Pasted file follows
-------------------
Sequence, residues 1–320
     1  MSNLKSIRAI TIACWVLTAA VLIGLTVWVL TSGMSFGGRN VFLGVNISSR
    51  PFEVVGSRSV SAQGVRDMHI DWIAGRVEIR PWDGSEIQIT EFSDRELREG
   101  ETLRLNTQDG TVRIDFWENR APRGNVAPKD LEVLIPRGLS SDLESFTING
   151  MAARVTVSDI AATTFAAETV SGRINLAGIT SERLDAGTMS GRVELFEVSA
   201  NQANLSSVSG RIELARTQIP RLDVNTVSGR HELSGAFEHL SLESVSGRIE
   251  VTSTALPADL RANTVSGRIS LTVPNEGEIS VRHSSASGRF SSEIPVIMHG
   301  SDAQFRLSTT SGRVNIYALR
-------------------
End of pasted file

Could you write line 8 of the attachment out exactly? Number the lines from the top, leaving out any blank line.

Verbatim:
   301  SDAQFRLSTT SGRVNIYALR